Keywords: Off-farm labour supply, institutional and market failures, local separability, Sloping Lands Conversion Programme (SLCP), difference in differences, switching regression
    JEL: C33 J22 O22
    Date: 2008
  19. By: R. Joosten
    Abstract: In a Small Fish War two agents interacting on a body of water have essentially two options: they can Â…fish with restraint or without. Fishing with restraint is not harmful; Â…shing without yields a higher immediate catch, but may induce lower future catches. Inspired by recent work in biology, we introduce into this setting rarity value and Allee effects. Rarity value means that extreme scarcity of the Â…sh may affect its unit proÂ…t 'explosively'. An Allee effect implies that if the population size or density falls below a so-called Allee threshold, then only negative growth rates can occur from then on. We examine equilibrium behavior of the agents under the limiting average reward criterion and the sustainability of the common-pool resource system. Assuming Â…fixed prices at fiÂ…rst, we show that patience on the part of the agents is beneÂ…cial to both sustainable high catches and Â…fish stocks. An Allee effect can not influence the set of equilibrium rewards unless the Allee threshold is (unrealistically) high. A price mechanism reflecting effects of the resource's scarcity, is then imposed. We obtain a rather subtle picture of what may occur. Patience may be detrimental to the sustainability of a high Â…fish stock and it may be compatible with equilibrium behavior to exhaust the resource almost completely. However, this result does not hold in general but it depends on complex relations between the Allee threshold, the dynamics in the (interactive) resource and price systems, and the actual scarcity caused if the agents show no restraint.
    Keywords: common pool resource systems, Â…fish wars, limiting average rewards, sustainability, rarity value, Allee effect, stochastic games Length 19 pages
    Date: 2007–12
  20. By: Katheline Schubert (CES - Centre d'économie de la Sorbonne - CNRS : UMR8174 - Université Panthéon-Sorbonne - Paris I); Alain Ayong Le Kama (Université de Lille - Université de Lille 1)
    Abstract: Rien ne nous permet d'être certains que les générations futures auront les mêmes préférences que nous concernant les biens environnementaux. En outre, même si nous sommes tentés, en raison de la dégradation de la qualité de l'environnement, de croire que leur sensibilité à l'environnement sera plus grande que la notre, rien ne nous permet de l'affirmer avec certitude. Cet article étudie alors, dans un cadre très simple, les conséquences en termes de trajectoires optimales de consommation<br />d'une incertitude sur les préférences des générations futures en matière de consommation d'une ressource environnementale renouvelable. Une telle incertitude va-t-elle induire un comportement optimal plus "conservateur" vis-à-vis de la ressource ? Nous montrons que tel est le cas uniquement si nous anticipons aujourd'hui que les générations futures seront en moyenne plus sensibles que nous ne le sommes à la consommation permise par l'utilisation de la ressource environnementale. Nous montrons en outre que la prise en compte de cette incertitude conduit à une profonde modification de la trajectoire optimale de consommation, qui non seulement<br />devient non-continue mais en outre peut devenir non-monotone.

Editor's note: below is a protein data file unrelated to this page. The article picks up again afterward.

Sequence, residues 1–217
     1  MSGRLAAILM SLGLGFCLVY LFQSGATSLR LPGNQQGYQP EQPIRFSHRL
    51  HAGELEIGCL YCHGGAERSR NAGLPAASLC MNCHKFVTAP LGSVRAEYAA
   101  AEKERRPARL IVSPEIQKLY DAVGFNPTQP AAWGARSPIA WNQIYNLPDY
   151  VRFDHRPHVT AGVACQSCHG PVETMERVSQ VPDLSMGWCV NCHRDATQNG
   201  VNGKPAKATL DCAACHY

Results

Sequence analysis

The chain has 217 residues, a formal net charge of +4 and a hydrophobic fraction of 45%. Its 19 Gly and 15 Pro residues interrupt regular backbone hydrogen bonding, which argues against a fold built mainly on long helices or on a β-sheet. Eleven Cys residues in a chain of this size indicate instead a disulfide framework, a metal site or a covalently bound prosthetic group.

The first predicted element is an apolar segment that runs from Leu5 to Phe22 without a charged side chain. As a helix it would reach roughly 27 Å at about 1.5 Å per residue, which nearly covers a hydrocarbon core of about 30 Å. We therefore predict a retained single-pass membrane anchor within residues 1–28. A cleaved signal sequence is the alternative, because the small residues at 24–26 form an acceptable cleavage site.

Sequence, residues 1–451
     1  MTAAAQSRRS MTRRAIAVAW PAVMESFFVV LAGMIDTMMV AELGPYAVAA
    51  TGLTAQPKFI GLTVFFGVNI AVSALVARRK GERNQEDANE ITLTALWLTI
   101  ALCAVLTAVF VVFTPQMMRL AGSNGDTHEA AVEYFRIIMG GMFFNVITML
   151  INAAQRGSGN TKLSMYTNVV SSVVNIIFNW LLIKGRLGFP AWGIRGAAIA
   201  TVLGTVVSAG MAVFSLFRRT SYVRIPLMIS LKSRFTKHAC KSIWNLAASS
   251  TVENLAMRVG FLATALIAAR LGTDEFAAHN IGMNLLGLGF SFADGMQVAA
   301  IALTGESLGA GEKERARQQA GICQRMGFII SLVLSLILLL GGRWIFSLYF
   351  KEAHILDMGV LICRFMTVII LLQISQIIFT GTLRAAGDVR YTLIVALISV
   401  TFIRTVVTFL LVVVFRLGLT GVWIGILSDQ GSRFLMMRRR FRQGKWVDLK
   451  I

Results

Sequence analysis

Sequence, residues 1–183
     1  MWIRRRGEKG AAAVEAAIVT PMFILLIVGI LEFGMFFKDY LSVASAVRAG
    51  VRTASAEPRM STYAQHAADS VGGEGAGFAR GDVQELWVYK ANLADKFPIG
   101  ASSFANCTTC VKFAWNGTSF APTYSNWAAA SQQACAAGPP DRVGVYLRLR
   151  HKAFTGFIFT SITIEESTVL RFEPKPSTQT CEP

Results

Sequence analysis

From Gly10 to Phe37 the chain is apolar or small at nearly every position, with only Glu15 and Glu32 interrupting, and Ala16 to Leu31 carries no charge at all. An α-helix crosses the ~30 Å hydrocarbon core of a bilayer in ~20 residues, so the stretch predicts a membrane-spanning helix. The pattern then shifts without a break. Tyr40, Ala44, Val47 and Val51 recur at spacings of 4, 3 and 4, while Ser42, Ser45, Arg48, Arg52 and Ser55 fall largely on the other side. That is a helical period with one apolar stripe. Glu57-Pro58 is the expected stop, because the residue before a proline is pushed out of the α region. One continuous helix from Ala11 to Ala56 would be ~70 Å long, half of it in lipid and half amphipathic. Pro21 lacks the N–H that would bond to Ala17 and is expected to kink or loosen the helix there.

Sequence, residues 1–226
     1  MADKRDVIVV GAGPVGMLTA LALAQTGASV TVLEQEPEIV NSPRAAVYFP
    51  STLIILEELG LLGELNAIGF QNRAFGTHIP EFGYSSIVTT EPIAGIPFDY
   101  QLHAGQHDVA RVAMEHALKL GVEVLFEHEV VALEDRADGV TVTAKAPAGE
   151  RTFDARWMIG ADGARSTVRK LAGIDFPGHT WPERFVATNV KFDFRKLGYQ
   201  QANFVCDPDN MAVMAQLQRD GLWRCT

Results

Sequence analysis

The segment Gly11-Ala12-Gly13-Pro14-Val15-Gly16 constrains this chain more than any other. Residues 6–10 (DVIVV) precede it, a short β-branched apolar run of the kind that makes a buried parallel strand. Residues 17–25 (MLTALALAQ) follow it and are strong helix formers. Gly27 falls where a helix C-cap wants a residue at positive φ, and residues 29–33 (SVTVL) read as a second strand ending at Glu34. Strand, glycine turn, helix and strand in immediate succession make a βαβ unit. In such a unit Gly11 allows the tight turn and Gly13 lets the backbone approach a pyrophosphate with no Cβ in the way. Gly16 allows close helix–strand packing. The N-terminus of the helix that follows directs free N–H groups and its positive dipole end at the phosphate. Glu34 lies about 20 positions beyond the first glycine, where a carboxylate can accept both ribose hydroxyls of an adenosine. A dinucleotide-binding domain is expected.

Keywords: ressources renouvelables, croissance, préférences, incertitude
    Date: 2006–03
  21. By: José António Filipe
    Keywords: Cournot-Nash model; drama of the commons; cooperation; game theory; fishing effort.
    Date: 2007
  22. By: Swenson, David A.
    Abstract: This brief exercise assesses the potential economic impact value of ethanol production comparing current, 2007, estimates with a future level of production for 2016 and a long run equilibrium level (LRE) for 2025. The values for this estimate are driven by current Food and Agricultural Policy Research Institute (FAPRI) forecasts of corn and ethanol production. All of the estimates assume corn ethanol production only. No other kind of ethanol production is measured nor should be implied. By 2016, nearly 9,000 U.S. jobs will be directly linked to ethanol production, supporting in total nearly 47,200 jobs in the whole economy, given the assumptions in the analysis.
    JEL: L6
    Date: 2008–01–18
  23. By: SUMINO, Koh (Department of Economics, Otaru University of Commerce); YAMADA, Masatoshi (Graduate School of Economics, Osaka University)
    Abstract: Bovenberg and Mooij (1994) and others pointed out that the optimal taxation on goods with external diseconomy both collects revenue and also corrects the external diseconomy by the goods, and thus it is said that the tax has gdouble dividendsh. The purpose of the present paper is to examine whether the double-dividend arguments by Bovenberg and Mooij and others are appropriate when they are viewed from the traditional arguments of optimal and corrective (Pigovian) taxation. Based on their framework, we show that it should be evaluated differently from Bovenberg and Mooij whether double-dividend hypothesis holds or not, and that the hypothesis usually holds if it is appropriately defined.
    Keywords: Optimal tax rule, external diseconomies, double-dividend hypothesis
    JEL: D62 H23
    Date: 2008–01